Old Spice was iconic. You can’t really beat it. I’ll be honest with you, I don’t even think that relationship will ever be surpassed. You can get as good but Old Spice, man, those guys, it was incredible. I also did a Nike campaign before the Old Spice stuff. I would love to regroup with Nike or another fitness brand like Adidas. I said this to David [Rielly]—I don’t mind selling. Terry Crews is for sale. That’s why I pop my pecs. But what I’m selling is health, wealth, and love. That’s the Terry Crews brand all the way.

When I say wealth, it doesn’t mean being richer than anybody. It’s about having wealth through your experiences. Living life to the fullest and doing things all the way makes you wealthy. Health being I love fitness. I love being in shape. I love the fact that I’m 52 and have the energy to hang out with the 25-year-olds. The third thing is love, and that we all truly have to love each other. Love is literally the energy of the universe. It makes your world operate. Once you find out what it is and who it is you love, now you know your purpose.

You have dozens of brand deals and commercials under your belt—have you noticed one factor that sets successful creative apart from not-so-successful creative?

The story is paramount. I am really good friends with Phil Lord and Chris Miller. Those guys did The Lego Movie and Spider-Man: Into the Spider-Verse. They’re amazing. They actually directed the pilot for Brooklyn Nine-Nine. Oh, and they are story mavens.

The creatives who know how to tie in a story and make you care, they continue forever. Look at James Cameron, from Terminator to Aliens all the way to Avatar. The story is so big, every time those movies are on I have to watch.

Even in advertising, what’s so amazing is that they know the brand story and they’re able to tell it so that you can get it. I’ve never seen it fail. Where I’ve seen creatives fail all the time is when they make you look at bells and whistles. Like this looks like a commercial, but it’s basically a rip-off of everything people have ever done.

When do you plan to officially open Amen & Amen?

I would say we’re about a month away. I’m getting a star on the Walk of Fame on July 30th, which is my birthday, and July 29th is actually my anniversary. So it’s a big, big week. We’re going to have a huge party for about 200 people at the studio as our giant summertime coming out, and I call it “My Love Letter to Pasadena.” We knew in July the world should be pretty much open. We are requiring that our guests be vaccinated.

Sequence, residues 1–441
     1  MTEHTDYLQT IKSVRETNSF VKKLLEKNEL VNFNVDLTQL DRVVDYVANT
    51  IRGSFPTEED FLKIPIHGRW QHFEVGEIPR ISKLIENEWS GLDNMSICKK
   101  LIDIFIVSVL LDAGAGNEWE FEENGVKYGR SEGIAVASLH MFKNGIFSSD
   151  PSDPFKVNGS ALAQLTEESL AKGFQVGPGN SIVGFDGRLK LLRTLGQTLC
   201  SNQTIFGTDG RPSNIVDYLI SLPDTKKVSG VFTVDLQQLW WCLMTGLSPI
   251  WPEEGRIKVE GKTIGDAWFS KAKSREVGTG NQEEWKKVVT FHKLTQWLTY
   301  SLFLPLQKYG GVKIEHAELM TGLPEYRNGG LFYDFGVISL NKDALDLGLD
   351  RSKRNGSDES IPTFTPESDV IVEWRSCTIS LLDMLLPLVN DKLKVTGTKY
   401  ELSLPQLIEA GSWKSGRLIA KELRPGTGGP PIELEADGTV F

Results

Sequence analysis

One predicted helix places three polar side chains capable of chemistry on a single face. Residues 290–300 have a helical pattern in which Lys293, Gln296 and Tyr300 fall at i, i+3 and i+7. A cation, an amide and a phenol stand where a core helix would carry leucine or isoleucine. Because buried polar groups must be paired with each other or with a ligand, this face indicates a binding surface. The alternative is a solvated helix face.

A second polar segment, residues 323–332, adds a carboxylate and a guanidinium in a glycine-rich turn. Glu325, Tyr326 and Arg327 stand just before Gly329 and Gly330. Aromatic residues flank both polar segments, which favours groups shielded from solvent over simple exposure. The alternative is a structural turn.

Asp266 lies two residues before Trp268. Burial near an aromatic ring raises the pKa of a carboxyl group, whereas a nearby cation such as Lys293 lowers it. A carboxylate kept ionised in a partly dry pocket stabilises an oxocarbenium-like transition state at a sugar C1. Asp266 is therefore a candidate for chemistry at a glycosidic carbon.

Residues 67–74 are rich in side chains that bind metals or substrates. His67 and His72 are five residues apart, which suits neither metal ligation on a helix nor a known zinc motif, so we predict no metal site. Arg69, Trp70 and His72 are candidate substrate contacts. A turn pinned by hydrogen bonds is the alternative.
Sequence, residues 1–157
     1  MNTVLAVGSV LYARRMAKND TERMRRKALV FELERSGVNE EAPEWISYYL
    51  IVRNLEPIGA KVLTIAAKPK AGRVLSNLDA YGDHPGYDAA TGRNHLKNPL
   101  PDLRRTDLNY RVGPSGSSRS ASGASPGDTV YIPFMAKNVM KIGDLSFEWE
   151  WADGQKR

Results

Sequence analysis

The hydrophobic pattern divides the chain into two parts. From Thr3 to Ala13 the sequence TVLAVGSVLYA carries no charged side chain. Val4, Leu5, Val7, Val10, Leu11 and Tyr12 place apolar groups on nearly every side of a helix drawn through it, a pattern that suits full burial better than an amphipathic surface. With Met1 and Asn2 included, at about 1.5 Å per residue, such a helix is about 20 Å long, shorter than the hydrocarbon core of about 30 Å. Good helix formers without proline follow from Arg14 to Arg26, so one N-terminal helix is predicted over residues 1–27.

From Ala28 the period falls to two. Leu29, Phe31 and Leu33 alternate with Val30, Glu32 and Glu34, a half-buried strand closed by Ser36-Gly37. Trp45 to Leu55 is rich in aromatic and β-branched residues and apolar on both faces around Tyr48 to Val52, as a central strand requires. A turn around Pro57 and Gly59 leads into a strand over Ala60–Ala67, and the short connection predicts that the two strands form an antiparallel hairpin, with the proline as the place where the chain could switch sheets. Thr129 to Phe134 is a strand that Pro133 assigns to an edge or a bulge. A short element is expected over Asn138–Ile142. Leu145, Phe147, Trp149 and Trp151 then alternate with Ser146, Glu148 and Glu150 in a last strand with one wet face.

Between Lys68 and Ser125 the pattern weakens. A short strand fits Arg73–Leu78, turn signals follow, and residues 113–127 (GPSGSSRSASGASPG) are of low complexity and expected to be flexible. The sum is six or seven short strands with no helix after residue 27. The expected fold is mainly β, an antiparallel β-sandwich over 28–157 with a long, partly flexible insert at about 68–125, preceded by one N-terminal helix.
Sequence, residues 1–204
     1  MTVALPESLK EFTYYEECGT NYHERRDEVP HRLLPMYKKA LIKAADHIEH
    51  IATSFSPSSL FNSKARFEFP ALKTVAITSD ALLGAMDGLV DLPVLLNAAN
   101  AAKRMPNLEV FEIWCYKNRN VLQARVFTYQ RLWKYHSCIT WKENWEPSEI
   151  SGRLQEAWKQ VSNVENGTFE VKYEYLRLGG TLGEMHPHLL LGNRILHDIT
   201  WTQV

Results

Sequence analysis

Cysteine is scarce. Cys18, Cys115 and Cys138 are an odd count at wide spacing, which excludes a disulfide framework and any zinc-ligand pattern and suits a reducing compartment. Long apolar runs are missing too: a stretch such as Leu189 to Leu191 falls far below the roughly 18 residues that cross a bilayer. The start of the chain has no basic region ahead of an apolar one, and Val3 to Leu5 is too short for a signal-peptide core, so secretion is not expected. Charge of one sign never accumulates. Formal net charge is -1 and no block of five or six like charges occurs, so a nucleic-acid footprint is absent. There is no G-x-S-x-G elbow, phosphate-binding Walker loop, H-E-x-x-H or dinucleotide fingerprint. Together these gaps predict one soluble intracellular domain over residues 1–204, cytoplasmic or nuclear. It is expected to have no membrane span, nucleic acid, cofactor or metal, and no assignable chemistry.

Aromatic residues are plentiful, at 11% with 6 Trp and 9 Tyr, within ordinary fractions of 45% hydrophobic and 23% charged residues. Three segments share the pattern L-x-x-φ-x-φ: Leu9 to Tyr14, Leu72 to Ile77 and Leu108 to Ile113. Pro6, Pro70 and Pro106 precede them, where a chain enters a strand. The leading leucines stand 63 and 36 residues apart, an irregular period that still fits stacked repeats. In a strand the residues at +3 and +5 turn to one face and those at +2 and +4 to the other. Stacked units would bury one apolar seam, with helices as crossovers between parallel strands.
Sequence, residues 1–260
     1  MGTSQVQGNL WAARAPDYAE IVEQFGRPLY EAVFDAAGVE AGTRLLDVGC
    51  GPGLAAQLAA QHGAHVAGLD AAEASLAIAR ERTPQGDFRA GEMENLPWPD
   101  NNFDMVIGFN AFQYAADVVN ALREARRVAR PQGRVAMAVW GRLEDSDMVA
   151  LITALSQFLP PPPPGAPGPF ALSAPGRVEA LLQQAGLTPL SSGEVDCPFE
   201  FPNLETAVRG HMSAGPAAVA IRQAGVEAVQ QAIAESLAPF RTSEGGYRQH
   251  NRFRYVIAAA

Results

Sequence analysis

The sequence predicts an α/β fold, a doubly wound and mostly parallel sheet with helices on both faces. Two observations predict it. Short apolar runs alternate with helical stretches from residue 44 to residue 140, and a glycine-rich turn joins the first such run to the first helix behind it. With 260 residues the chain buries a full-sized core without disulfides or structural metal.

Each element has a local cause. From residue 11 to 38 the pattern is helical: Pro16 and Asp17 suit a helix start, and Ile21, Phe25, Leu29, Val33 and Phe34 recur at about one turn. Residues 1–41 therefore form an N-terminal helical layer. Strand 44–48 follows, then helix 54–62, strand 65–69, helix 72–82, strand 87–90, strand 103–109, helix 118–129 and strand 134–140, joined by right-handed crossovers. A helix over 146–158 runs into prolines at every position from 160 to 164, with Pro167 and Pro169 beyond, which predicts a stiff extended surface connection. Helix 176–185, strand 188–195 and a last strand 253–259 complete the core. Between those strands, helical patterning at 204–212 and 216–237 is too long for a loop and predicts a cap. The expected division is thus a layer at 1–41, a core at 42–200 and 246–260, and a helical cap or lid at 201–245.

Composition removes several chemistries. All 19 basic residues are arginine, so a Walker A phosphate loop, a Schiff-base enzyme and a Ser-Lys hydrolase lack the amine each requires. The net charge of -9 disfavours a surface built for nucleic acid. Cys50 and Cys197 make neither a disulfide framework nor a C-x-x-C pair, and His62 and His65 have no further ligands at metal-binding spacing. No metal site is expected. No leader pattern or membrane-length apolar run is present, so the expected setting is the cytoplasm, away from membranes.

We are going to be very, very picky about who gets a chance to be here because the technology is so good and it’s also very, very delicate. Right now, though, I do want it to be a total experimental place. There are certain people that I said, “just come here and experiment.” One of the organizations I want to come and just experiment any time they want is Ayzenberg.

You’ve built a custom gaming PC with your son. You and your wife recently launched your audiobook Stronger Together. You’re about to open Amen & Amen. You’re back as the host of America’s Got Talent. You even have your own cryptocurrency now. The list goes on. What venture or medium are you eyeing next?

I want to own a farm. There’s some property I’m looking at where my grandmother lives in Edison, Georgia. One thing I got from the quarantine is that I need outdoor spaces. I thought I liked football, but what I really liked was playing outside with my friends. I went to Iceland with Bear Grylls and had the time of my life because we were outdoors, and I realized I need more of that. A farm would give me that. It would give me this connection to the Earth, where I could just be out there tilling the ground, watching something grow, and taking it from the seedling all the way to my table. That would be hot. That’s hot!